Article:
In Masons, players represent architects, who together establish cities on the landscape of the game board. When a city is completed, all players score points for "guild cards" they play, with the right timing in playing the right card making all the difference.
Each turn, a player first establishes a new wall somewhere on the board. Each wall will be enclosed by two towers, and will have one house placed on each side of it. It's possible for a wall to need only one, or zero, new towers by putting it next to existing towers. It's possible for only one house to be placed, if the wall is placed along the outside of the game board.
After placing the wall, the player rolls three dice to determine the color of one of the towers (the color of a possible second tower may be freely chosen), and that of the two houses (if only one house is placed, then the player may choose which of the dice to pick for the color of the house).
Finally, if the newly placed wall causes a piece of land to be fully enclosed, a new city has been established. If the new city borders one or more existing cities, it may be combined with one of those cities. Two houses of the same color inside the city are upgraded to a palace. A scoring round is now triggered, during which all players get to play one or two "guild cards", and then draw one new card. Each guild card will score a feature of either the just completed city, or outside it. Possible features are the number of houses & palaces or towers of a specified color, the number of fields of the city, the number of houses inside a "district" on the board, the number of palaces inside a city, the different number of colors inside a city, or the total number of completed cities. At the end of a scoring round, whichever player is in last place may discard as many guild cards as desired, and draw new ones to replace them.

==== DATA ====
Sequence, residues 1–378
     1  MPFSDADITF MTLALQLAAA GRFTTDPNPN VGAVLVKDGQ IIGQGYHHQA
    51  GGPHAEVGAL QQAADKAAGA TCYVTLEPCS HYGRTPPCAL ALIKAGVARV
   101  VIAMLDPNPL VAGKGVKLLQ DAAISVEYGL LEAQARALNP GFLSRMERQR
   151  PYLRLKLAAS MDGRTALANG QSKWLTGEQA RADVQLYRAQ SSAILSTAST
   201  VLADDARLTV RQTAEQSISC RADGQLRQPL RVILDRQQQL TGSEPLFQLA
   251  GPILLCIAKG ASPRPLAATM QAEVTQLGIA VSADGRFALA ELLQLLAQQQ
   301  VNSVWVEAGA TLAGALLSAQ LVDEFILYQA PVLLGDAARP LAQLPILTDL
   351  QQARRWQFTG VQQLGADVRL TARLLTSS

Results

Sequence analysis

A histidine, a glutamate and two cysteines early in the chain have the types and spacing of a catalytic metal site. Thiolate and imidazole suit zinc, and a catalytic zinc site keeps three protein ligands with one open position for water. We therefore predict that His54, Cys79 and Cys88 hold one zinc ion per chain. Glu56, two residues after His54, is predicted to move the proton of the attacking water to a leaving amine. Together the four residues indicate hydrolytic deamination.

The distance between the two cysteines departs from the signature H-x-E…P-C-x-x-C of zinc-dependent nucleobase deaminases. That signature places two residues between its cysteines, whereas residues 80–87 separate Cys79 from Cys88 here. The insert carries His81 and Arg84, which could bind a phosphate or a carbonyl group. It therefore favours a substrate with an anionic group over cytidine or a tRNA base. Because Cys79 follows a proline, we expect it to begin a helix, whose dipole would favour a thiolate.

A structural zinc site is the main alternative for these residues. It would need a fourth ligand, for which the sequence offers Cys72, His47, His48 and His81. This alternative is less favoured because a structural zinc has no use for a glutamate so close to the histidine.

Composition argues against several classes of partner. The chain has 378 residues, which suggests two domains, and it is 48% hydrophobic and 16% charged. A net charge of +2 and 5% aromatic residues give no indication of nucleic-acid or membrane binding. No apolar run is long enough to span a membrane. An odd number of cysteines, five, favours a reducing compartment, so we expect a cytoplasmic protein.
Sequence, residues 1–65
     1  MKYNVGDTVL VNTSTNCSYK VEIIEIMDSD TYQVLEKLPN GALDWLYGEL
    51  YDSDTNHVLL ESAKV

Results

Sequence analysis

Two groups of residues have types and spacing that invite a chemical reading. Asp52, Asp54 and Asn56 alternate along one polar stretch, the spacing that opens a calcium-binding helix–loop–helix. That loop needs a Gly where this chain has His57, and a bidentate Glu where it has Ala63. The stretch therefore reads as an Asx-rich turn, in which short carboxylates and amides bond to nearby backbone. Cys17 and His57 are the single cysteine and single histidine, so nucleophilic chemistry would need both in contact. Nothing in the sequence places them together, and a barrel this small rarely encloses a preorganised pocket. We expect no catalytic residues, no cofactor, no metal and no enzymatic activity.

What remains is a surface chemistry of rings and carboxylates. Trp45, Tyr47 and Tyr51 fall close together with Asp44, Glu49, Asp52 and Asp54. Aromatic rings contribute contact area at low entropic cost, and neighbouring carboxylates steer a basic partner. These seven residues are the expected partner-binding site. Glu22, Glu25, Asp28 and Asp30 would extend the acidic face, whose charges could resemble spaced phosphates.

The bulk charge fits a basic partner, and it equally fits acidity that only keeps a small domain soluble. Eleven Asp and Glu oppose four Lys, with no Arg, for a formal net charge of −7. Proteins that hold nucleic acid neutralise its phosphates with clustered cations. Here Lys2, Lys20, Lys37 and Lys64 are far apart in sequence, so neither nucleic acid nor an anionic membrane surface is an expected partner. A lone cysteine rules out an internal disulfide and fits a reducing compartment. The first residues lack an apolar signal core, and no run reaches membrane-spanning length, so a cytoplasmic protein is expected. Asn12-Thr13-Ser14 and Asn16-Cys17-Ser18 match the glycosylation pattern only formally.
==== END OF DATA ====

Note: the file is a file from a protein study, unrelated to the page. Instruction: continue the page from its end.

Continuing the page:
The game ends when all pieces of a certain type have been played, and the winner is whoever has the most points.
- Mauer Bauer